The United States Department of Agriculture has awarded a $477,131 grant to researchers from ASU and the University of Tennessee to study foreign consumer preferences and demand for U.S. beef.
The project's goal is to help determine the demand that exists in countries within Europe, Asia, and Latin America to bolster the beef export market. It will allow the researchers to predict what foreign consumers prefer in terms of production practices to enhance exporter profits in the U.S.
"We want to make sure farmers know exactly what their customers in these foreign countries want so they can serve their product to more consumers and make more money," said Karen DeLong, co-director of the project and associate professor in the Department of Agricultural and Resource Economics at the University of Tennessee.
The grant will be split between the two universities, and most of it will be used to fund graduate students from both schools. The remaining money will be spent surveying the outside countries.
“Our grant is going to pay for that Ph.D. or Master’s student to pursue their degrees and give them free education in a sense,” said DeLong. “They get free tuition, a stipend to live on and health benefits.”
The project will focus on surveying to find consumer preferences and import demand modeling with data.
Associate Professor of food industry management Carola Grebitus from the Morrison School of Agribusiness at ASU is the principal investigator of the project. She is responsible for surveying consumers in the target countries to predict what products they will purchase.
Grebitus will be developing survey instruments for the U.K., Germany, China, Mexico and Japan with a doctorate student. They will also utilize online questionnaires to interview roughly 500 consumers from each country.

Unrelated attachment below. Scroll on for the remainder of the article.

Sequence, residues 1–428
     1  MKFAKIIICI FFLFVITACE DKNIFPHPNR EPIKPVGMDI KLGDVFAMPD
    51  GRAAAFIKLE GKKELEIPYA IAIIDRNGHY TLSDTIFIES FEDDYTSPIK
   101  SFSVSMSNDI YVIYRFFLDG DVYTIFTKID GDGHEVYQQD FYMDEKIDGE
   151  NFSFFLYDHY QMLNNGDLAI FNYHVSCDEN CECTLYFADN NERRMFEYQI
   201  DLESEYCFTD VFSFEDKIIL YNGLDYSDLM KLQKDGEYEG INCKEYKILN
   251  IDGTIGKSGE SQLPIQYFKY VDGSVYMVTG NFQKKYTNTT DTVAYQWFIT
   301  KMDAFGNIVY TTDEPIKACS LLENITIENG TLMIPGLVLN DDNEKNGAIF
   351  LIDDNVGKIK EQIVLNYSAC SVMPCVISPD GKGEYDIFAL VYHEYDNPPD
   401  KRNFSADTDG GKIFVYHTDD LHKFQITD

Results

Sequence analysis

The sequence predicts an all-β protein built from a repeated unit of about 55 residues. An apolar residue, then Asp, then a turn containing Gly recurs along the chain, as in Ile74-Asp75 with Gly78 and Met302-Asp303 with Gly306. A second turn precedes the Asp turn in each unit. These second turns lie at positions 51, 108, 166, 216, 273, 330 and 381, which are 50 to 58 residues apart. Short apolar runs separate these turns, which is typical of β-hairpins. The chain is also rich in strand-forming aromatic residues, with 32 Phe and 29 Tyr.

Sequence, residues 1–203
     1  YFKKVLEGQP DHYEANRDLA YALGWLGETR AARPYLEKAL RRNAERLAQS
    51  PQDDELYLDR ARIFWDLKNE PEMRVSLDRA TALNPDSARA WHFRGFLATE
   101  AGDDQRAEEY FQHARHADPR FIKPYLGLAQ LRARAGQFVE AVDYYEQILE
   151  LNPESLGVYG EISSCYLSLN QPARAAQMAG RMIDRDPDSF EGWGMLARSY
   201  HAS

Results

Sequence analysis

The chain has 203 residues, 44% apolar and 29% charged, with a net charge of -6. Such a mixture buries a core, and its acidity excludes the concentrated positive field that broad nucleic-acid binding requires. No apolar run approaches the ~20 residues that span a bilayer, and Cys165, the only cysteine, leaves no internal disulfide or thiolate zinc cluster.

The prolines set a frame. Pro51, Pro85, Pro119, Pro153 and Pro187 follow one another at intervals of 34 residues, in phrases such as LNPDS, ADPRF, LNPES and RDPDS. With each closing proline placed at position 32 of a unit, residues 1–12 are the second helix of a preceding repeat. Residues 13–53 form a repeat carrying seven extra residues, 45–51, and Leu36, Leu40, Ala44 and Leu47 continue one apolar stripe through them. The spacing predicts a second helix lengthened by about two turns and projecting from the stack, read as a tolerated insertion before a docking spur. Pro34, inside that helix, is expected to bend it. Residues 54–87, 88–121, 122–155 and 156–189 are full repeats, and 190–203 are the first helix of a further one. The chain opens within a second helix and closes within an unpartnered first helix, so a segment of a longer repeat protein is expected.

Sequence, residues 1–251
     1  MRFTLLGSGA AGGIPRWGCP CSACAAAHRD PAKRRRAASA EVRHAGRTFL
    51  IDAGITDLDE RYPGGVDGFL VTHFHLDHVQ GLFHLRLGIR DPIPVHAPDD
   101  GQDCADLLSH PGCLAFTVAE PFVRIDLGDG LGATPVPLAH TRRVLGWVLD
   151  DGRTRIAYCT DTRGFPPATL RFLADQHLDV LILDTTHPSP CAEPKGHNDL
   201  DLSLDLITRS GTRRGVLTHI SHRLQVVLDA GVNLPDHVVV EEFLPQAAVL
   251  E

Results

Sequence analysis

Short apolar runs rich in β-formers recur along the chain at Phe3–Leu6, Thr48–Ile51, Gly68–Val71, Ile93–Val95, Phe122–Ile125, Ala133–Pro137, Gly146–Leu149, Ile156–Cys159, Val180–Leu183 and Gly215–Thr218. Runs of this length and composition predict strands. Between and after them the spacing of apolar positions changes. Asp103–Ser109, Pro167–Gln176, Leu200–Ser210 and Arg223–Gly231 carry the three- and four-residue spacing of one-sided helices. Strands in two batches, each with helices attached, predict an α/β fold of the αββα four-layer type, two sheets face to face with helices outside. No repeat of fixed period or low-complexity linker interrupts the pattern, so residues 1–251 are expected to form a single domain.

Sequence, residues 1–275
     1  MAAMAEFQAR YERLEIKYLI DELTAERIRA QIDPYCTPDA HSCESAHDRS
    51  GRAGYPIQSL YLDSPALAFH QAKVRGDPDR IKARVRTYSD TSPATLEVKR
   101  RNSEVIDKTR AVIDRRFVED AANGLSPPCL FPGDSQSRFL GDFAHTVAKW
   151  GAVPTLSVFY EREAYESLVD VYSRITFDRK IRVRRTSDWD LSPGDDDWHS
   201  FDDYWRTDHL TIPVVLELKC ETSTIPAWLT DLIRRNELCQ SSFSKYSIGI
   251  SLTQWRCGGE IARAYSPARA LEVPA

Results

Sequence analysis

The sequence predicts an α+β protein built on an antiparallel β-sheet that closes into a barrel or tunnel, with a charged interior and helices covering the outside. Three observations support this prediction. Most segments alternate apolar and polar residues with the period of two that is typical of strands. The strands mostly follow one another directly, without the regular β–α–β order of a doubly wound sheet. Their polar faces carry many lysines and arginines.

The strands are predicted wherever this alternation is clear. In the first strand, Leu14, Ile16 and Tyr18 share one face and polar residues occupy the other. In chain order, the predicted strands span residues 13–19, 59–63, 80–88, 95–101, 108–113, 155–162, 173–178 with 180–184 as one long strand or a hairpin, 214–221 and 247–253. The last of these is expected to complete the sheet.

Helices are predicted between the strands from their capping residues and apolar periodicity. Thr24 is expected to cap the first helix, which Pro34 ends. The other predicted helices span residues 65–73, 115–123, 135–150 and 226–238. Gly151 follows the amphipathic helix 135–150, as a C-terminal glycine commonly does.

“We will show them different samples of beef products that are characterized with use of growth hormones or labels such as country of origin,” said Grebitus. “That way we can test how much foreign consumers are willing to pay for U.S. beef.”
The survey also evaluates attitudes and consumer characteristics to help producers tailor their marketing strategies to global consumers.
The demand modeling portion of the project is being carried out by co-director Andrew Muhammad, professor and Blasingame Chair of Excellence in Agricultural Policy at the University of Tennessee.
"I assess how U.S. beef competes with beef from all these other countries within a particular destination market," said Muhammad. "When I say import demand, I mean from the point of view of an importing country that has a demand for a particular product from all countries that produce it around the world."
Demand modeling is based on international trade data that countries report based on a categorization system. The amount imported monthly allows the researchers to determine the demand for the beef.
“I determine how quick a German buyer, for example, will be willing to substitute U.S. beef for a competitor that raised its prices in a cross-price effect,” said Muhammad. “I also look at habit formation, meaning I question if past behavior leads to future consumption.”
The researchers are focusing on markets where the U.S. is either already exporting or attempting to export beef. They must approach the project with an importing country's perspective to better understand its values and reactions to price changes.
“If you have a small change in the price of U.S. beef relative to the price of any other country, you start seeing changes in how (consumers) allocate their purchases,” said Muhammad.
The beef industry is the largest single sector in agriculture, fueling the U.S. economy and making it a valuable sector to study for global trade.
“The United States is one of the largest beef exporters in the world and its exports were valued at $8.3 billion in 2018 and exports account for 15% of total beef production,” said DeLong.
Demand for beef in foreign countries is also valuable to analyze because it is very inconsistent, often fluctuating depending on various factors. According to DeLong, lower incomes due to job losses from COVID-19, cultural differences, seasonality trends and trade disputes all affect the demand for U.S. beef at a given time.
Despite the weight of their work, the researchers are very optimistic about their project as the industry trends upwards, and the potential is evident.
“We’re really delighted about this project and excited to see where our research takes us,” said Grebitus.